There's a reason why many pawn shops have a large assortment of shotguns and other types of weaponry. Weapons are often one of the best things to pawn or sell; they have known value, they are usually fairly expensive, and you don't usually need them in your day-to-day life. But because a shotgun is a weapon (even if it's a collector's item), you need to do some special preparation.

Get Your Documentation Prepared

Like any collectible, a gun can have value beyond its manufacturing value. If your shotgun is an antique or is otherwise notable, you will want to be able to offer documentation to that effect. This is especially true if you've ever received an appraisal.

Clean Your Gun

Appearance almost always effects how much you'll get when you pawn or sell an item. A dusty stock may be hiding irregularities, scratches, or dents. Make sure to thoroughly clean your gun and bring it to the pawn shop in a carrying case, unloaded. Of course, always treat your gun as though it is loaded regardless.

The only caveat to this is: do not clean the gun if it is an antique. If it a true antique weapon, bring it down to the shop as is. 

Have Your License Ready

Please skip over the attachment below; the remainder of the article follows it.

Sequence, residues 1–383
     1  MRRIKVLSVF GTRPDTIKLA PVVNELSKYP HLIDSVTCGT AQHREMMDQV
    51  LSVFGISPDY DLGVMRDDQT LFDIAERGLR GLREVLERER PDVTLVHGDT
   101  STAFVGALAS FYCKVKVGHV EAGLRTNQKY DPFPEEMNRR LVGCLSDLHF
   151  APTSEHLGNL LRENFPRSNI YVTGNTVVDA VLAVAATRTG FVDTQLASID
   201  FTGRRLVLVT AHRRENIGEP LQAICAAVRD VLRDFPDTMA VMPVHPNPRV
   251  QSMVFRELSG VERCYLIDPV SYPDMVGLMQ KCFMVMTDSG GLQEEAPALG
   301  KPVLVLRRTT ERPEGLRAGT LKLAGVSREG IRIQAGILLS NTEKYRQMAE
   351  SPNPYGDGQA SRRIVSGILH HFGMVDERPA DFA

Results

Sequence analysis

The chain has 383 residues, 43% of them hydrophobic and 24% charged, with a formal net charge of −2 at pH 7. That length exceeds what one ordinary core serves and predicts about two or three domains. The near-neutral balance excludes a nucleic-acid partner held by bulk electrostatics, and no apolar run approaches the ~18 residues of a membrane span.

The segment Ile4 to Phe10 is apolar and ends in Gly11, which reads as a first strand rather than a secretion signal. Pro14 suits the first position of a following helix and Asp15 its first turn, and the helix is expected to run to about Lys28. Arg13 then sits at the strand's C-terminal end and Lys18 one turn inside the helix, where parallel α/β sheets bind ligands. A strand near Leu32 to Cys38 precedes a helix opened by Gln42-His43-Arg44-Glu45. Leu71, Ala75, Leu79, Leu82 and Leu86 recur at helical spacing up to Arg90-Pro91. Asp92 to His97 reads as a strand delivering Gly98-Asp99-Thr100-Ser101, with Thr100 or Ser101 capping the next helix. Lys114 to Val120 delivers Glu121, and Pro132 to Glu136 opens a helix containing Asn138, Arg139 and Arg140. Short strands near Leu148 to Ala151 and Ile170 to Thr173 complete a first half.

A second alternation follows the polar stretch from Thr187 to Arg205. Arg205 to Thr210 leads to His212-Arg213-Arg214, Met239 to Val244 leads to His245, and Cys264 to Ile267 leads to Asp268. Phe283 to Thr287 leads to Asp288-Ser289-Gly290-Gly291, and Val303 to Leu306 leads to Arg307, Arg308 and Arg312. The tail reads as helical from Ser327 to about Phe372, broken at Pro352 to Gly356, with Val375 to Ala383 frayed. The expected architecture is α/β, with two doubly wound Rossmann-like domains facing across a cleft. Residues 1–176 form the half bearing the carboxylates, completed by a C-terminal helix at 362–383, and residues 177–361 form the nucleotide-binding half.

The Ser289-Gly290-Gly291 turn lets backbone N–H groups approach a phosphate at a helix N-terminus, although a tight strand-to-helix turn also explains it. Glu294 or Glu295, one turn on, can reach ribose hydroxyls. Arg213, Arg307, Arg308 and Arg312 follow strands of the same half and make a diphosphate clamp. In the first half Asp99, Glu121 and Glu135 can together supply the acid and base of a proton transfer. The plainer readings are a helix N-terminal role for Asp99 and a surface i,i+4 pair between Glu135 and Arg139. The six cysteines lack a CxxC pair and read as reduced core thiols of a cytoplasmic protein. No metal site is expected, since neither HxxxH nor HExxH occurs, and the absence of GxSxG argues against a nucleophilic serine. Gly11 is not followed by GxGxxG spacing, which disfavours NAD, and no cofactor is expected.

Many people don't realize they need a license to sell a gun as well as to purchase a gun. After all, the pawnshop will need to know that you had the gun legally and that you will be able to get it back from them later on. Make sure you have a copy of your gun license when you go to the shop.

Look Your Gun Up on the Internet

Before going down to the shop, look up third party marketplaces to find the resale value of your gun. Most people don't remember exactly how much they purchased their guns for, especially if it was purchased second hand or at an event. Knowing what the going rate is for your weapon will help in negotiations.

Don't forget that you also need to prepare yourself for getting your weapon back. In certain areas, you may need to re-submit to a background check and certification processes in order to get your weapon back once you've pawned it. Make sure that you'll be able to get the clearance that you need; otherwise you may not be able to get your shotgun returned to you even if you're able to pay for it.

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